Several brain regions involved blue light-induced responses

Next, to investigate the regulatory brain areas involved in this process, we investigated the protein expression levels of the immediate early gene c-fos, which is used to detect early active neural cells, and phospho-ERK (phosphorylated extracellular regulated protein kinases), which is the activated MAPK downstream signal, within the whole brains of mice in the blue light or white light exposure groups. The positive staining intensity analysis showed similar trend compared with that of positive cells number analysis. The statistical results of the immunohistochemistry assay show that c-fos positively stained cells number in the blue light group was significantly higher than that in the white light group in the arcuate hypothalamic nucleus (Arc) (positive cells number analysis: t(5)= 3.09, P=0.0272; positive staining intensity analysis (shown as the percentage of white light group): t(5)= 2.616, P=0.0473, shown in Figure 3A), but it was significantly lower than that in the white light group in the cingulate cortex (Cg) (positive cells number analysis: t(4)= 3.73, P=0.0203; positive staining intensity analysis: t(4)= 3, P=0.0399, Figure 3B) and the anterior part of the paraventricular thalamic nucleus (PVA) (positive cells number analysis: t(5)= 3.382, P=0.0196; positive staining intensity analysis: t(5)= 3.568, P=0.0161, Figure 3C). In addition, pERK expression in the blue light group was lower than that in the white light group in the paraventricular hypothalamic nucleus (PVN) (positive cells number analysis: t(5)= 4.312, P=0.0076; positive staining intensity analysis: t(5)= 3.977, P=0.0106, Figure 4A) and PVA (positive cells number analysis: t(5)= 2.309, P=0.069; positive staining intensity analysis: t(5)= 1.291, P=0.2532, Figure 4B), but the latter was not significantly different.

c-Fos expression in brain regions of mice exposed to white light or blue light

Figure 3
c-Fos expression in brain regions of mice exposed to white light or blue light

c-Fos labelling of the arcuate hypothalamic nucleus (Arc) (A), cingulate cortex (Cg) (B) and anterior part of the paraventricular thalamic nucleus (PVA) (C). Positive cell numbers and positive staining intensity were analysed by unpaired t-test, showing that compared with the white light-treated mice, blue light induced significant changes in c-fos activation at Arc Cg and PVA (*P<0.05). The indicated number inside the column shows the number of mice calculated in each group.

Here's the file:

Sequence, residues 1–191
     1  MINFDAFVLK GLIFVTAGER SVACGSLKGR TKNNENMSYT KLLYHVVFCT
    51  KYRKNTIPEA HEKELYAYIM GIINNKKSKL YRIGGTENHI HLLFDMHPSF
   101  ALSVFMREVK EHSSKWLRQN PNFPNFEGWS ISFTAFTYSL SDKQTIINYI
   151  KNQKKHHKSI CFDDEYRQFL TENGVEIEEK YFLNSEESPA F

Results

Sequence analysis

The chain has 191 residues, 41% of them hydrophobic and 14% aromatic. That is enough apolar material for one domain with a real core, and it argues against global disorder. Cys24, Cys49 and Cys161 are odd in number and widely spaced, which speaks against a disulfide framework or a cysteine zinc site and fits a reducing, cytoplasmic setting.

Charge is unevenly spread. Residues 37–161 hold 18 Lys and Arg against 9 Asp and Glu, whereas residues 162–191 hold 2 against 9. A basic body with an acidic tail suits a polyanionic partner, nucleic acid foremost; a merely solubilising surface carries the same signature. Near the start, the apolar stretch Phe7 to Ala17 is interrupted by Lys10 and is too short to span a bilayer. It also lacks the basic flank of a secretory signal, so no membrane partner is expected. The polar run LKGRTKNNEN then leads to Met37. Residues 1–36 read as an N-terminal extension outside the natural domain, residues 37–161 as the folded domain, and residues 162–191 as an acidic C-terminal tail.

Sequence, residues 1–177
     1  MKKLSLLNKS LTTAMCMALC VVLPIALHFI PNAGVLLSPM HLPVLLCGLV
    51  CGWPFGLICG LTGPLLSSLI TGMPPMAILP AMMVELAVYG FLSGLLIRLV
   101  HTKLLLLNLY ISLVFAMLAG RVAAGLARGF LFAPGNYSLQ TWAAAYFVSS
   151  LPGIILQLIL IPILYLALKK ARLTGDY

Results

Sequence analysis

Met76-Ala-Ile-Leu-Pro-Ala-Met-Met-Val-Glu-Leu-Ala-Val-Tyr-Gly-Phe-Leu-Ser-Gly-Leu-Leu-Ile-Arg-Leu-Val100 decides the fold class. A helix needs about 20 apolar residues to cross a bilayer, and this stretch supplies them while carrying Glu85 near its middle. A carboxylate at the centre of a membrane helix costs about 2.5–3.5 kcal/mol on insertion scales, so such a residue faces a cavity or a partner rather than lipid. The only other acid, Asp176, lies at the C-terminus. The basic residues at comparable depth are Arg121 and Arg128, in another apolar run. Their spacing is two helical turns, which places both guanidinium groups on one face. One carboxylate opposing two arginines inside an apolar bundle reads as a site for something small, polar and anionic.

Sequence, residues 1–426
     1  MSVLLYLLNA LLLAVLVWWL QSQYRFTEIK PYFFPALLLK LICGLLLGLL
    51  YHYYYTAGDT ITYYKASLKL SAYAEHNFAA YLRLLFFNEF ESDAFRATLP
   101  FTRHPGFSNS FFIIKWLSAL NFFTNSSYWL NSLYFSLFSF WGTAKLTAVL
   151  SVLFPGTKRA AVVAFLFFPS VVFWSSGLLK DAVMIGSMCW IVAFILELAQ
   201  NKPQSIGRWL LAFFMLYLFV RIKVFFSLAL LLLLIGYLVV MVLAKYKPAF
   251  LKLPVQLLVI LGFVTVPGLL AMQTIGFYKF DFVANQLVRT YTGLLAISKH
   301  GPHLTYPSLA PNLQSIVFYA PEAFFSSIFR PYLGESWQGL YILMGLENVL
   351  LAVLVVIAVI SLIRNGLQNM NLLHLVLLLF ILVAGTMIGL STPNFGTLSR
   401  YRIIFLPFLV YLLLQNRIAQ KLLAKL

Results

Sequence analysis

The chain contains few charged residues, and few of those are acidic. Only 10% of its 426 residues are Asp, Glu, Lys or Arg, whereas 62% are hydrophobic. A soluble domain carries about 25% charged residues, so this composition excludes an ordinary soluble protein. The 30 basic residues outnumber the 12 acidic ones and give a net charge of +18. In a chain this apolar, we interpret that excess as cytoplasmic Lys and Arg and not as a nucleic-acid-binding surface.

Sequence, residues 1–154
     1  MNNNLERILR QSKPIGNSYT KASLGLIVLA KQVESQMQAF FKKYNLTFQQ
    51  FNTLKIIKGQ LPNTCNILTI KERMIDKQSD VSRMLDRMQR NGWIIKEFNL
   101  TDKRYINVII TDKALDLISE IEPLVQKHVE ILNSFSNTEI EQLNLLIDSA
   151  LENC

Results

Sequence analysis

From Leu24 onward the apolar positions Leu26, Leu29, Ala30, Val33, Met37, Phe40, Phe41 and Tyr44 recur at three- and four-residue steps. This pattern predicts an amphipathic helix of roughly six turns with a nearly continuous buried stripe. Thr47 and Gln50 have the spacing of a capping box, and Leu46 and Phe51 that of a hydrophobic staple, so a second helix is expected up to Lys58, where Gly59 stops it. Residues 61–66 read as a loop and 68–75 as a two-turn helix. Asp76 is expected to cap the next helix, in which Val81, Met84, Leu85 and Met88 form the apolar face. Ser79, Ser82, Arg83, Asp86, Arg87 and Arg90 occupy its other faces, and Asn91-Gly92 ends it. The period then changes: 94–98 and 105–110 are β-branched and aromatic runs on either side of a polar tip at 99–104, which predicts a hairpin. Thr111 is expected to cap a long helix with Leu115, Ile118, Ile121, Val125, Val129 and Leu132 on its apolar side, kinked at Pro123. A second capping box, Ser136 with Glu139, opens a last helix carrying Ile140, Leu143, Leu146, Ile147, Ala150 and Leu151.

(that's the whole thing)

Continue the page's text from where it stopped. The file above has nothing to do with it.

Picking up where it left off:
Figure 3
c-Fos expression in brain regions of mice exposed to white light or blue light

c-Fos labelling of the arcuate hypothalamic nucleus (Arc) (A), cingulate cortex (Cg) (B) and anterior part of the paraventricular thalamic nucleus (PVA) (C). Positive cell numbers and positive staining intensity were analysed by unpaired t-test, showing that compared with the white light-treated mice, blue light induced significant changes in c-fos activation at Arc Cg and PVA (*P<0.05). The indicated number inside the column shows the number of mice calculated in each group.

Phospho-ERK expression in brain regions of mice exposed to white or blue light

Figure 4
Phospho-ERK expression in brain regions of mice exposed to white or blue light

Phospho-ERK labelling of the paraventricular hypothalamic nucleus (PVN) (A) and the anterior part of the paraventricular thalamic nucleus (PVA) (B). Positive cell numbers and positive staining intensity were analysed by unpaired t-test, showing that blue light induced a significant decrease in ERK activation in the PVN compared with white light (*P<0.05, **P<0.01). The indicated number inside the column shows the number of mice calculated in each group.

Figure 4
Phospho-ERK expression in brain regions of mice exposed to white or blue light

Phospho-ERK labelling of the paraventricular hypothalamic nucleus (PVN) (A) and the anterior part of the paraventricular thalamic nucleus (PVA) (B). Positive cell numbers and positive staining intensity were analysed by unpaired t-test, showing that blue light induced a significant decrease in ERK activation in the PVN compared with white light (*P<0.05, **P<0.01). The indicated number inside the column shows the number of mice calculated in each group.

Discussion